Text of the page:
By Jon Ronson
Published by Riverhead Books
"It’s a shame." "Shame on you." "The SHAME." Shame is a word that we bandy around a lot. It has become one of those words that is such a part of the everyday vernacular that it has lost its true meaning (think ‘awesome’, ‘amazing’, ‘literally’).
Having read this book, I think it should be kept in the ‘restricted’ section of our neuro-library, confined to solitary in maximum security. It’s terrifying and we should use it (and do it) very sparingly indeed. John Ronson spends the majority of his book talking to people who have been shamed in public.
Some of them are household names for the wrong reasons – Justine Sacco, the Aids plane tweet PR girl; Max Mosley, the F1 S&M orgy guy – some of them are just outside the orbit of mainstream public consciousness, but all of them have had their 15 minutes of notoriety. The book is a quest to understand the hows and whys of public shaming, the Twitter lynch mob and the feral crowd.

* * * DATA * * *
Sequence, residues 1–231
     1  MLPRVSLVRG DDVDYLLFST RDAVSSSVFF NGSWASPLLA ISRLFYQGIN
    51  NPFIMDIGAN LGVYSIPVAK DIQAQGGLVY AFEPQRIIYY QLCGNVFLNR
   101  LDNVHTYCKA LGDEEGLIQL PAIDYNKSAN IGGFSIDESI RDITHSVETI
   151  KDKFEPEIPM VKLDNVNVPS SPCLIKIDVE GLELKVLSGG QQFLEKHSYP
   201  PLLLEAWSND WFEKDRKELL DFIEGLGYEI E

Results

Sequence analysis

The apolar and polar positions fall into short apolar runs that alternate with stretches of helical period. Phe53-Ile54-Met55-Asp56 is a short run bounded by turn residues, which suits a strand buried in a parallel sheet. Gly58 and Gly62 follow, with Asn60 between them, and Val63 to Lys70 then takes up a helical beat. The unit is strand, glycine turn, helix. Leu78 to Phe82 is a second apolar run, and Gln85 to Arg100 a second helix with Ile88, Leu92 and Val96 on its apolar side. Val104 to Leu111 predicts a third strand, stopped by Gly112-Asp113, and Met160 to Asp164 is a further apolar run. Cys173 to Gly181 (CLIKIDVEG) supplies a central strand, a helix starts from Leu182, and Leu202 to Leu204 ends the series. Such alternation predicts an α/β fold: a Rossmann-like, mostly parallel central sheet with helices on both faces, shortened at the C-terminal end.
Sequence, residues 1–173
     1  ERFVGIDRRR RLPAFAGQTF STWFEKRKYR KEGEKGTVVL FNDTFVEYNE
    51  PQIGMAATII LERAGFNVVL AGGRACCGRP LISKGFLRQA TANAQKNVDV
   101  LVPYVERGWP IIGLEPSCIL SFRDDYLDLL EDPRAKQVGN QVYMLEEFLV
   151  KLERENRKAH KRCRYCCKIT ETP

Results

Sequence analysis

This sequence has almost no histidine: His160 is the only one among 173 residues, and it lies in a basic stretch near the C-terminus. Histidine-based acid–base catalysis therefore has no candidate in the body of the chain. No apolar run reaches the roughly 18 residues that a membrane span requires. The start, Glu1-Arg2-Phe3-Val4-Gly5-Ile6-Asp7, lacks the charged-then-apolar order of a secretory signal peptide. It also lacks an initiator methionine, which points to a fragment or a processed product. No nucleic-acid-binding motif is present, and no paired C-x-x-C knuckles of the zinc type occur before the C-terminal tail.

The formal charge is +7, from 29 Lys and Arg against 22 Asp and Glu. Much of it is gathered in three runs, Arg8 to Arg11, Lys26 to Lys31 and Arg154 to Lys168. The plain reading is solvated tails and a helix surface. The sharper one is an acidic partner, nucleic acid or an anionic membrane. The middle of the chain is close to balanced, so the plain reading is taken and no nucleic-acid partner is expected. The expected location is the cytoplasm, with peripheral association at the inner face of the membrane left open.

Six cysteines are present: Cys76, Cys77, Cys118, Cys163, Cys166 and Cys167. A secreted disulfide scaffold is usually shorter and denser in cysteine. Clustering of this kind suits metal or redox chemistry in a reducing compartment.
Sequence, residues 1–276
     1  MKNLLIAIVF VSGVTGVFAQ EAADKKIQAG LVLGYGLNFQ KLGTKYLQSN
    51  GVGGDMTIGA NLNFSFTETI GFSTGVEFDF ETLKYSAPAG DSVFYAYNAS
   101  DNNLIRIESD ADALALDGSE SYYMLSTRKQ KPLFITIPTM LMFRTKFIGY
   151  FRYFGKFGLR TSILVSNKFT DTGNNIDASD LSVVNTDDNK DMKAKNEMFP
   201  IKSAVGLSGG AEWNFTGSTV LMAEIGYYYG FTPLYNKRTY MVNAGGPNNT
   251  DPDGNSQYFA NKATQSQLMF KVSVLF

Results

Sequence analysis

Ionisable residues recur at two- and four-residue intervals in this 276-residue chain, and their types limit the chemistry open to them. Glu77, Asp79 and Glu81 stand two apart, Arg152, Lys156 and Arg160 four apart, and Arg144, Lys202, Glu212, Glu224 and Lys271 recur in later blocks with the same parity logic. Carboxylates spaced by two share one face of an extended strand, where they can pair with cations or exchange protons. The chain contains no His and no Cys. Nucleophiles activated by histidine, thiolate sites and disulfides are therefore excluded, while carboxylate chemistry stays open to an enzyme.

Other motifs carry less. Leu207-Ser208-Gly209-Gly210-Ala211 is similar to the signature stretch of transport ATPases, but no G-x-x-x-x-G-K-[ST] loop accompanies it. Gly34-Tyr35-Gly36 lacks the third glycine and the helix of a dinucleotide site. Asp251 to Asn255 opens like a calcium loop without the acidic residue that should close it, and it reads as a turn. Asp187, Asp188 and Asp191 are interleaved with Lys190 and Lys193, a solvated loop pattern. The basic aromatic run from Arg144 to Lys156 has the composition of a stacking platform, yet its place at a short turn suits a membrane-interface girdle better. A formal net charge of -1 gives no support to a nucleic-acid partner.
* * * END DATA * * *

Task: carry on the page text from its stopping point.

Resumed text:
Most importantly, it is a cautionary tale on the power we now all have as citizens and consumers. We can and do destroy people’s lives with one brush of the ‘send’ button on our phone. And we often do it without thinking. To use medieval terminology, we are able to not only launch millions of rotten tomatoes at the global village stocks, but make the decision on who to put in them.
If every one of Twitter’s 288 million active users read this book, the online world would be a better place. As Charlie Brooker said on his satirical Black Mirror series: "It’s not a technological problem we have, it’s a human one."
Reviewed by Adam Mack, chief strategy officer, Weber Shandwick